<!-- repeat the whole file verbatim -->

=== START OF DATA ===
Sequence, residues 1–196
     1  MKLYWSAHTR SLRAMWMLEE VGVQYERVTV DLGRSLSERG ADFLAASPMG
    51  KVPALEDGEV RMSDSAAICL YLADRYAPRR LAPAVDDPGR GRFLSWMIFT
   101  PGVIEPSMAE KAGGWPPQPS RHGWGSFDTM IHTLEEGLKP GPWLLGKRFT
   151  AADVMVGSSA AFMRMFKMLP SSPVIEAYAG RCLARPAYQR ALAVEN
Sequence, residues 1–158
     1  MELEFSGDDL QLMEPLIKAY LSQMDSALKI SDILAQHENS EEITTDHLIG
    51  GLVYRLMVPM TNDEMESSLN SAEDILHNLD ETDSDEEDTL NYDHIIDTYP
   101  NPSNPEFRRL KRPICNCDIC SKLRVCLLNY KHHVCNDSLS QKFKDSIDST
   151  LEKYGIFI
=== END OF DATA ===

Sequence, residues 1–196
     1  MKLYWSAHTR SLRAMWMLEE VGVQYERVTV DLGRSLSERG ADFLAASPMG
    51  KVPALEDGEV RMSDSAAICL YLADRYAPRR LAPAVDDPGR GRFLSWMIFT
   101  PGVIEPSMAE KAGGWPPQPS RHGWGSFDTM IHTLEEGLKP GPWLLGKRFT
   151  AADVMVGSSA AFMRMFKMLP SSPVIEAYAG RCLARPAYQR ALAVEN
Sequence, residues 1–158
     1  MELEFSGDDL QLMEPLIKAY LSQMDSALKI SDILAQHENS EEITTDHLIG
    51  GLVYRLMVPM TNDEMESSLN SAEDILHNLD ETDSDEEDTL NYDHIIDTYP
   101  NPSNPEFRRL KRPICNCDIC SKLRVCLLNY KHHVCNDSLS QKFKDSIDST
   151  LEKYGIFI